the universal appeal of studio ghibli

I think most people are at least aware of studio Ghibli, let alone have seen one or two films. To be honest, I am a ghibli superfan, but not necessarily because of the fantastical storylines. For me, (and this might be an unpopular opinion) the appeal of Ghibli films culminates in the way the tiny, universally applicable moments of real life are depicted in the most serene way. I know Spirited Away and Howl’s Moving Castle are popular films, but I’ve always preferred the less exciting and more (excuse the term) ‘mundane’ films. Only Yesterday, Whisper of the Heart, From Up on Poppy Hill and Ocean Waves are some of my favourites, and not necessarily because of the storyline (although they are good nonetheless). Ghibli studios are able to capture these most personal moments and make them indescribable. I find myself watching little snippets on Instagram, which other people have similarly picked out as notably special. Some of the films are quite obviously dated, but they still have a timeless appeal through these moments – they’re transferable to every walk of life, whether you live in Japan or Nottingham or Italy (as quite a few of the films are strangely set in, and I still haven’t figured out why Ghibli likes Italy so much but I’ll roll with it).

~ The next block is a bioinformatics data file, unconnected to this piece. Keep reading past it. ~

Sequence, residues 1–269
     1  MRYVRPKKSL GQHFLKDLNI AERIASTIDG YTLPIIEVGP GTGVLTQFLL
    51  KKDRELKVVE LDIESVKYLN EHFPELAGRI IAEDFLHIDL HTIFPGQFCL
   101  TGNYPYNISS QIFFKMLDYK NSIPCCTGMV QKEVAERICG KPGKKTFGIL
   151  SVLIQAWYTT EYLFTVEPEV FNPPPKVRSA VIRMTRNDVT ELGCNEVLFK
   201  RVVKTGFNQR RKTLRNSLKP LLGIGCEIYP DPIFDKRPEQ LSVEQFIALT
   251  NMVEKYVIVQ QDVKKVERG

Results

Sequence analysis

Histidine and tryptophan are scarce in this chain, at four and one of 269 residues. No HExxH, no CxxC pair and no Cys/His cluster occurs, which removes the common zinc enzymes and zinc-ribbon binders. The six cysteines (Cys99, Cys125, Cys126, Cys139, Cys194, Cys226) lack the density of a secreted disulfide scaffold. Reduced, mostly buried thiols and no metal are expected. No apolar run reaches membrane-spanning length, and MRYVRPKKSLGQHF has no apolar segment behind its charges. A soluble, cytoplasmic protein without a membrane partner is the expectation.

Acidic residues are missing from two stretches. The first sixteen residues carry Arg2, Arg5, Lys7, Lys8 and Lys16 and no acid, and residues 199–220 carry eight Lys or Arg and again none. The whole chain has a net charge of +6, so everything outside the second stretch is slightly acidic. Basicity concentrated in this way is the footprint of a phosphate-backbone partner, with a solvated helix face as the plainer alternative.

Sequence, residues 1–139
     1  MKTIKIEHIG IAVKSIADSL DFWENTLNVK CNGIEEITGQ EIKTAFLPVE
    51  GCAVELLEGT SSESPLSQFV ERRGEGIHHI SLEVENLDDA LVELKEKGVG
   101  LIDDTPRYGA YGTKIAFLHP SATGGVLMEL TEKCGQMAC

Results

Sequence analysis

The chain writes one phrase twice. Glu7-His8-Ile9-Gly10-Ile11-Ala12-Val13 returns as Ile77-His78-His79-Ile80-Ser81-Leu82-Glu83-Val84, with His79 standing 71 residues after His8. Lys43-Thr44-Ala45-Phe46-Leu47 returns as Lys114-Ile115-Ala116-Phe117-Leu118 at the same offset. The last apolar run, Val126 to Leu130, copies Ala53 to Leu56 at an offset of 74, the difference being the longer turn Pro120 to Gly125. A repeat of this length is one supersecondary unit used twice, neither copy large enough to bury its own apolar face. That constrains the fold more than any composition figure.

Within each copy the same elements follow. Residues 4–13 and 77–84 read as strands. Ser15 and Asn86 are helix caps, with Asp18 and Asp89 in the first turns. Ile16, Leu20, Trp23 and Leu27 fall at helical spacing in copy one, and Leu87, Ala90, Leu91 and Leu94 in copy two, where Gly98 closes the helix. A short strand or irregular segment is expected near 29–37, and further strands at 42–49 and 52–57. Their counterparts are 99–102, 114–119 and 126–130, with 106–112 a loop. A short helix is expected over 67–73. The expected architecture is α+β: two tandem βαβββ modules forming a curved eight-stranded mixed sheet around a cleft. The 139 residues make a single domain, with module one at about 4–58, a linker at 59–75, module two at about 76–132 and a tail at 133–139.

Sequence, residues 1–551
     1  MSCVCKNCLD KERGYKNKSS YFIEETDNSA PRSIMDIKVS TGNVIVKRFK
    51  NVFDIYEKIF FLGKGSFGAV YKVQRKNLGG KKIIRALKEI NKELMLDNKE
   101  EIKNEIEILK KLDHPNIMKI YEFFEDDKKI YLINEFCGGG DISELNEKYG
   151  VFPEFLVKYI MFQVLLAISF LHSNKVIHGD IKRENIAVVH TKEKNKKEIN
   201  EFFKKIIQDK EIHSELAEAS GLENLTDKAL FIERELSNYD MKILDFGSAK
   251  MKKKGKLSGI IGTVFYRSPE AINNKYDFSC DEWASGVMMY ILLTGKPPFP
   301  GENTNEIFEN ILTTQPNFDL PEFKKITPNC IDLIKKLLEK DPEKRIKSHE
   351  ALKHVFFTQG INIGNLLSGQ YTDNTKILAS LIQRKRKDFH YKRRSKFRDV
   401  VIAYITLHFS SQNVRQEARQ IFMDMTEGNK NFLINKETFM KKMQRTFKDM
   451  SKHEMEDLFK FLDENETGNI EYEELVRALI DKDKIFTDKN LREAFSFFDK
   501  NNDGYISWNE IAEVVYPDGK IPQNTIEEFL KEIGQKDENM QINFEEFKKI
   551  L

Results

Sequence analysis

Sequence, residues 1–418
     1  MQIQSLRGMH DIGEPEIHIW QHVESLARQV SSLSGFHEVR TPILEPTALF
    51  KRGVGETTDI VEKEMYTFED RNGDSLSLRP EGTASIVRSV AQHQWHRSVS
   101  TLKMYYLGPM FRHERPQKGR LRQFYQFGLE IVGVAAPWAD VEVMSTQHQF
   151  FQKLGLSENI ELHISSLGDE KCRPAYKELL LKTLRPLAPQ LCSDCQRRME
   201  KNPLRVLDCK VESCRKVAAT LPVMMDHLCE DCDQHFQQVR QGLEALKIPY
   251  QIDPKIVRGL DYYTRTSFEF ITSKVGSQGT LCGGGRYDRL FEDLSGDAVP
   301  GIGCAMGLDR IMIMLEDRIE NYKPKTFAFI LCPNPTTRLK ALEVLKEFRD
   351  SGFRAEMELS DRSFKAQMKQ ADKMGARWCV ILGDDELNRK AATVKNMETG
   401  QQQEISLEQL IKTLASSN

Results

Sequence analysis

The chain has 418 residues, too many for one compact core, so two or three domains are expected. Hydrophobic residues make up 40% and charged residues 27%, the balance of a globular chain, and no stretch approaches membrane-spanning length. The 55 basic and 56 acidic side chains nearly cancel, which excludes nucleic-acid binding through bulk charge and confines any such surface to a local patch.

Film Still from Ponyo (2008).

In Ocean Waves (1993), Ghibli perfectly captures school life with a true sense of nostalgia. The fights and bickering with other students, that felt like such a big deal at the time and now, looking back, feel completely insignificant, although all the emotion of that moment is still carried with you. Or the moments of finding true friendship, or love…which again, felt so important at the time, and now, as adults, fizzles out like a distant memory or a dream. The same goes for From Up on Poppy Hill and Whisper of the Heart – Ghibli captures the emotions perfectly. Small, seemingly insignificant details spark off these emotions and memories again. In Only Yesterday (1991), Taeko is drifting between adult life and memories of her childhood, which flood into her experience of the everyday. It’s much harder to make the mundane seem beautiful, like seeing it for the first time, than it is to create a fantastical world in my opinion.

I think Ghibli films are so appealing because they tread the line between adulthood and childhood, between reality and memory. They capture the small, visceral details of life that make us happy, like a soft summer breeze through your bedroom window, or the hype around exams or amazing food. (Honestly at least 60% of my enjoyment of these films comes from seeing animated food).

Gif from From Up on Poppy Hill (2011)

It’s really hard to put these moments into words, so I highly recommend that you watch these films if you can, and hopefully, you’ll understand what I mean.

Alternatively, if you’re like me and you’ve binged on every Ghibli film there is, or if you just fancy breaking away, I really rate Madhouse’s 1997 animation, Perfect Blue. I saw it in a one-night-only cinema screening in Nottingham a few months back and was completely blown away. Honestly…it will mess you up. The best description I can come up with is ‘Black Swan on steroids’.

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Featured image – Still from Ocean Waves (1993)

Written by Emily Stokes

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